Canning is often the first method thought of when deciding to preserve tomatoes. Dehydrating and turning them into homemade tomato powder is another alternative that takes up less shelf space and retains freshness.
Fresh tomatoes are used in soup, stew, and salads and are perhaps the most versatile fruit you can store. Many people process tomatoes in a water bath canner each year and enjoy homemade sauce long after they can be picked fresh from the garden. There is another way to preserve them that is somewhat less time-consuming.
Tomatoes are easy to dehydrate, and tomato powder can replace most of your processing of paste, sauce, and juice. It will take 2 cups of fresh tomatoes to make 2/3 cup of tomato powder.
Dehydrate Tomato Pieces
You can dry tomato pieces with the skin on or off; it’s your preference. If you want to peel the tomatoes before preserving, submerge them in boiling water for 30 seconds, then plunge them into cold water and drain. The skin will slip right off.
To dehydrate without removing the skins, prepare the tomatoes by thoroughly cleaning them with mild dish soap and hot water, then cut them into slices. Remove the seeds. The thinner the slices, the quicker they will dry.
Dehydrate at 135°F. Drying time is between 8 and 12 hours depending on the thickness of the pieces. You’ll know they are thoroughly dry when they are brittle and click on the counter. NOTE: the pieces must be completely dry – even overly dry – to turn them into powder.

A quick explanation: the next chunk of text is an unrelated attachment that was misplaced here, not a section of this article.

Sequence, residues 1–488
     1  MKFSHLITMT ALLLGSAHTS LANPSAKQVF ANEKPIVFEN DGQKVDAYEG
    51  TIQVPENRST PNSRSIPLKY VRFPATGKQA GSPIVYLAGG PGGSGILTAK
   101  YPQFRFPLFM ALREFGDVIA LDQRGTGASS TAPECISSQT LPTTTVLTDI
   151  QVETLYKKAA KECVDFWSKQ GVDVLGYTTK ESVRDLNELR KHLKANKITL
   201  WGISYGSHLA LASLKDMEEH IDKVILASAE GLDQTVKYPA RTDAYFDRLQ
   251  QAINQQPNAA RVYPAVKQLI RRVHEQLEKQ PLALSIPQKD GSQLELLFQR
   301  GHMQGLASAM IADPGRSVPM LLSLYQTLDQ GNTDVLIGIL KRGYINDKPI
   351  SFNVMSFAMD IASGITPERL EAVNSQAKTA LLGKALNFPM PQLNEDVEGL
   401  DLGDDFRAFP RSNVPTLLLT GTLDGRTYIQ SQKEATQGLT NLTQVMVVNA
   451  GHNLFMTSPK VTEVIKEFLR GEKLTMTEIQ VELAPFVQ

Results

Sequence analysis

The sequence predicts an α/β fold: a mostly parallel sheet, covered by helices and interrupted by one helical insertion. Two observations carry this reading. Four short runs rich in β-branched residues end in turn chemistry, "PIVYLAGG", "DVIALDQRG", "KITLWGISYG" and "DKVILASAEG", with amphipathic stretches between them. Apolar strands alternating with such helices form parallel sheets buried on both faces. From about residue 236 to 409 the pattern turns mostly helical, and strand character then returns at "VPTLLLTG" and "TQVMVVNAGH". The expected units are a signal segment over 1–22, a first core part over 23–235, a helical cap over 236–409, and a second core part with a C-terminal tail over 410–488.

Be sure to go to our Dehydrating Page to learn how to dry other fruits and vegetables.
Process Dried Tomatoes into Powder
The process is fairly easy. It will take several times of grinding, sifting, and regrinding before the whole batch becomes powder. Don’t give up, it’s worth it! View pictures of how it’s done in our How to Preserve Greens post.
- Place the dried pieces into a blender or food processor and grind until mostly powder.
- Run these processed pieces of ground tomato powder through a sieve to separate the large pieces.
- Run those through the blender again – resifting – until the entire batch is complete.
Store the tomato powder in a canning jar with a tight lid, in a dark pantry cupboard. It will lose its vibrant color if exposed to the light. To prevent clumping, add a 100cc oxygen absorber to the jar. This will keep it from absorbing moisture. Don’t have oxygen absorbers? No problem! Stir the powder before using.
To Use Tomato Powder
Tomate powder is a versatile pantry staple and takes up a lot less space than the store-bought version. You can expect a shelf life of 1 year when stored in a dark cupboard, under typical pantry conditions.
To make the equivalent of a 6 ounce can tomato paste use 6 tablespoons tomato powder + ½ cup water + ½ tsp salt
To make a 15 ounce can of tomato sauce use ⅔ cup tomato powder + 1 3/4 cup water + ¾ tsp salt
To make a 64 oz bottle of tomato juice use 1 cup tomato powder + 8 cups water + 1 tsp salt
To make homemade ketchup use 6 Tablespoons tomato powder + 1 cup water + 1 ¼ tsp salt + ¼ tsp onion powder + ⅛ tsp garlic powder + ¼ cup honey + ⅓ cup white vinegar. Simmer for 20 minutes.